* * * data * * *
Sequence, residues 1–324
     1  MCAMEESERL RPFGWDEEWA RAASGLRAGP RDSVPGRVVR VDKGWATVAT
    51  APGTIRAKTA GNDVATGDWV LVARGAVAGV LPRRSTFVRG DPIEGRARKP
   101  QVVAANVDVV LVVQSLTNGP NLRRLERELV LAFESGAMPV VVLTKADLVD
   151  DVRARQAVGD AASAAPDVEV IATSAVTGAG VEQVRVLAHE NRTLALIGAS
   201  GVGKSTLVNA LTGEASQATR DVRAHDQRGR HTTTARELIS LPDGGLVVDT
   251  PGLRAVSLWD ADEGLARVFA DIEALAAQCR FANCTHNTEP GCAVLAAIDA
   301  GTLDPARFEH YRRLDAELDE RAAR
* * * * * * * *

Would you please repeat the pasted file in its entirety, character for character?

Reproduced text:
Sequence, residues 1–324
     1  MCAMEESERL RPFGWDEEWA RAASGLRAGP RDSVPGRVVR VDKGWATVAT
    51  APGTIRAKTA GNDVATGDWV LVARGAVAGV LPRRSTFVRG DPIEGRARKP
   101  QVVAANVDVV LVVQSLTNGP NLRRLERELV LAFESGAMPV VVLTKADLVD
   151  DVRARQAVGD AASAAPDVEV IATSAVTGAG VEQVRVLAHE NRTLALIGAS
   201  GVGKSTLVNA LTGEASQATR DVRAHDQRGR HTTTARELIS LPDGGLVVDT
   251  PGLRAVSLWD ADEGLARVFA DIEALAAQCR FANCTHNTEP GCAVLAAIDA
   301  GTLDPARFEH YRRLDAELDE RAAR